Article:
Tuesday morning – interval ride with my training buddies.  This was a hard ride.  Anytime cancer or chemo or related things popped into my mind, I worked harder.  I stayed out of the draft the vast majority of the time, and I even “won” one of the intervals (that means longest distance for the interval).  I felt delightfully spent at the conclusion of the ride.  Thank you thank you thank you to my friends who are my training buddies.

Tuesday afternoon – I tell my research group.  I did some research about how a person tells people about a cancer diagnosis.  As someone on the spectrum, I took this step because I needed to educate myself about how to talk about it.  We had our regular group meeting… and then I asked the summer students to leave… and talked to my grad students and post doc.  Can I just tell all y’all how wonderful my group is!  This was the hardest conversation I’ve had about the cancer diagnosis – telling them I have this diagnosis and that I will be facing chemo followed by surgery and that it will be a tough six months. I love my research group right now – it is composed of six graduate students and one post-doc.  I have also a few undergrads and two brand new grad students doing rotations in the group.  These people are wonderful people, and they made it easy on me.  I am sooo very thankful to them.

Wednesday –  Before the PET scan, you are supposed to have a quiet body for about 24 hours… I was told to amble everywhere, not mow the lawn, not work out, etc…  So, Tuesday evening, I ambled home on my bicycle, even running an errand on my way home.  Wednesday morning, I rode very very slowly to work – riding with this woman on her hybrid part of the way – having a lovely little conversation – enjoying the break in the heat….  I went to work in the morning, thinking I could get some stuff done before reporting to the PET scan place …  Yeah – epic fail that.  I did get some email correspondence done… but very little else.  I did talk to a few people that I felt I needed to tell in person…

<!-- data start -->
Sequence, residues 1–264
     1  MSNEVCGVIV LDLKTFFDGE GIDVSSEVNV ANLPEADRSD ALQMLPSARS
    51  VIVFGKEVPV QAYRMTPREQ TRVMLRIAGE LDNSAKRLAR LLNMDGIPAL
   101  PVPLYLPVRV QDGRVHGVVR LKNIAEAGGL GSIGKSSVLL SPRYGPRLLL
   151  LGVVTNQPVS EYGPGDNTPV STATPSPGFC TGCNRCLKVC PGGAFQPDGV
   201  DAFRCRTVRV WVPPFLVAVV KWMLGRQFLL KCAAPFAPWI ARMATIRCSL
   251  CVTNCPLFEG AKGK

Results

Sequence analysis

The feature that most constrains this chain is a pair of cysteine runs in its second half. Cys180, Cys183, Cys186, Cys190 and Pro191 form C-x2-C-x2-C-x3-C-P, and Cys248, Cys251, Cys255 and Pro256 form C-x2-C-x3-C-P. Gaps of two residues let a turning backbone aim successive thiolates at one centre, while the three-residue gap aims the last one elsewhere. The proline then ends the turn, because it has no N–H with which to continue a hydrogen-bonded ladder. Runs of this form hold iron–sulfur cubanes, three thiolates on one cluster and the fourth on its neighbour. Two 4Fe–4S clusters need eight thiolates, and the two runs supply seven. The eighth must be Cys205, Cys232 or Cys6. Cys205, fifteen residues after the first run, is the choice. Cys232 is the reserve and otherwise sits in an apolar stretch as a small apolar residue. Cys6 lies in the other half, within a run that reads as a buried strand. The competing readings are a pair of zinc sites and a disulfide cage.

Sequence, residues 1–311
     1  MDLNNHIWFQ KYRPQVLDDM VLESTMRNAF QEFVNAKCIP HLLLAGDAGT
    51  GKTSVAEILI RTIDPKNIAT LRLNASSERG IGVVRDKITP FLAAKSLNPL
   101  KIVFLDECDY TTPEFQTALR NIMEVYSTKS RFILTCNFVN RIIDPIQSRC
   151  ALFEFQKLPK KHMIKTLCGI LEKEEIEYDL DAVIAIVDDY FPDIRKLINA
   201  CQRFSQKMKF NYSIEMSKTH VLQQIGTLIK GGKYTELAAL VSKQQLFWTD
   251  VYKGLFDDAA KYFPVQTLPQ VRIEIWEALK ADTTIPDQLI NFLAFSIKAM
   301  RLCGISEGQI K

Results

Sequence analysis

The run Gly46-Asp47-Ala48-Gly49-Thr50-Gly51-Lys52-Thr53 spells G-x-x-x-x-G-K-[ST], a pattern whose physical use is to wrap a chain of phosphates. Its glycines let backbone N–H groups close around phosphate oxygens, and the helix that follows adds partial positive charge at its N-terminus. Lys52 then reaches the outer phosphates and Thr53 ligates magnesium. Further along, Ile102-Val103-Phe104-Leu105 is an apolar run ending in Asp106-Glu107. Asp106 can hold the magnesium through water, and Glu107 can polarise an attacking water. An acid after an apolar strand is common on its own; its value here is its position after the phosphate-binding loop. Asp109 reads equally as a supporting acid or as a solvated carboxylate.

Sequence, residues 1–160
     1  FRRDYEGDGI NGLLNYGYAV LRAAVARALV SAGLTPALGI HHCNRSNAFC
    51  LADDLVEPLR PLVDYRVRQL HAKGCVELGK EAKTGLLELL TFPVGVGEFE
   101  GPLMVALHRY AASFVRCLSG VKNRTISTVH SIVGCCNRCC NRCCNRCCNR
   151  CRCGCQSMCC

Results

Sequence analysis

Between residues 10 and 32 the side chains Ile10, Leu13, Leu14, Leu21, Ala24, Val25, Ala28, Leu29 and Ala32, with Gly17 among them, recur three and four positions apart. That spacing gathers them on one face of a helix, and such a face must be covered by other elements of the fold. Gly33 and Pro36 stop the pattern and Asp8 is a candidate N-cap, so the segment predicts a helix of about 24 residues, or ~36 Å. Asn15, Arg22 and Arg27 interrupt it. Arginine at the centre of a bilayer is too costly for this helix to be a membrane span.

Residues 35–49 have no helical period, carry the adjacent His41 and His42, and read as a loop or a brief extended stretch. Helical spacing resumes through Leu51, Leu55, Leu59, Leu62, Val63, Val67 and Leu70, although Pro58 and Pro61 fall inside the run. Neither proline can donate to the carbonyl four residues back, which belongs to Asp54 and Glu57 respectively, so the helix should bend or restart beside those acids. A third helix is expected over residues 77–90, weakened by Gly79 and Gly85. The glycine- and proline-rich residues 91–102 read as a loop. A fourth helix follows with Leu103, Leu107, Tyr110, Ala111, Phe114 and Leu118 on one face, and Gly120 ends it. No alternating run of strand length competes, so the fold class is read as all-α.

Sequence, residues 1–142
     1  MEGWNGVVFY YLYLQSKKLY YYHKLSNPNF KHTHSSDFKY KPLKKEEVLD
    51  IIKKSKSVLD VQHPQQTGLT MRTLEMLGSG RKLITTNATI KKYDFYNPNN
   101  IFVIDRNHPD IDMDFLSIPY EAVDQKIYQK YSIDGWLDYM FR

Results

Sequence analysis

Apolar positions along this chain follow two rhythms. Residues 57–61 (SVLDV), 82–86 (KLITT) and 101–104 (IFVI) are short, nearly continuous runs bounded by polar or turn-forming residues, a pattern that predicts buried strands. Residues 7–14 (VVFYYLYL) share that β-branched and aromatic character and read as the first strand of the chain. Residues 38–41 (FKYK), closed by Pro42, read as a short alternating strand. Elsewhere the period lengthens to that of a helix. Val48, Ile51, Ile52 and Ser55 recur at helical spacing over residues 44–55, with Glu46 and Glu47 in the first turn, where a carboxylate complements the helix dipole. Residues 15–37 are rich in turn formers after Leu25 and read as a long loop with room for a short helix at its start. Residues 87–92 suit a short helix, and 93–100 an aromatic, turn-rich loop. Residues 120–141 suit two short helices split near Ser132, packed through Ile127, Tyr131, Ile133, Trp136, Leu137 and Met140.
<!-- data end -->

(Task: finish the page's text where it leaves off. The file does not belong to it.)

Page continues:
Then, I reported to the clinic for a short meeting with the ISPY2 doc (short because he had a tiny opening in his schedule).  I had a few questions, but I was feeling confident that participating in this study would be a good idea after reading the Nature article, some other literature on the study, and the consent paperwork. More on that later.  I signed paper work, and the MRI orders were modified so that higher resolution images would be obtained – consistent with the protocol of ISPY2.

After that very fast appointment, I reported to the PET scan place, where I completed my paperwork for both the PET and the MRI, so that I would be free to take xanax if I felt I needed it.  I was injected with radioactive glucose and had to drink a dye shake.  Cancer cells uptake glucose at a faster rate than other tissues at rest.  So, the idea is that cancer stuff will light up in the PET scan, and other stuff will not.  Well, active things light up – like your heart…  But the idea is that the cancer will stand out.  The dye shake was a texture nightmare for me – first sip, and I called out to ask whether I could take a xanax…  YES – was the answer….  That helped… but it was hard to get that stuff down (I have texture issues).  Then, I think I fell asleep for a while during the one-hour rest period before the scan.  Then, I think I might have kind of fallen asleep in the PET – until they asked me to take a deep breath and hold it….  Overall, I felt very relaxed.  People were super nice, and Xanax did it’s job well.  Because I was to have a second scan with dye later in the day, the nurse suggested I keep my IV line so that I didn’t have to get poked again.  I agreed that this was a good idea… so they wrapped my arm, and off I went.  I now had two hours before I was to report to MRI.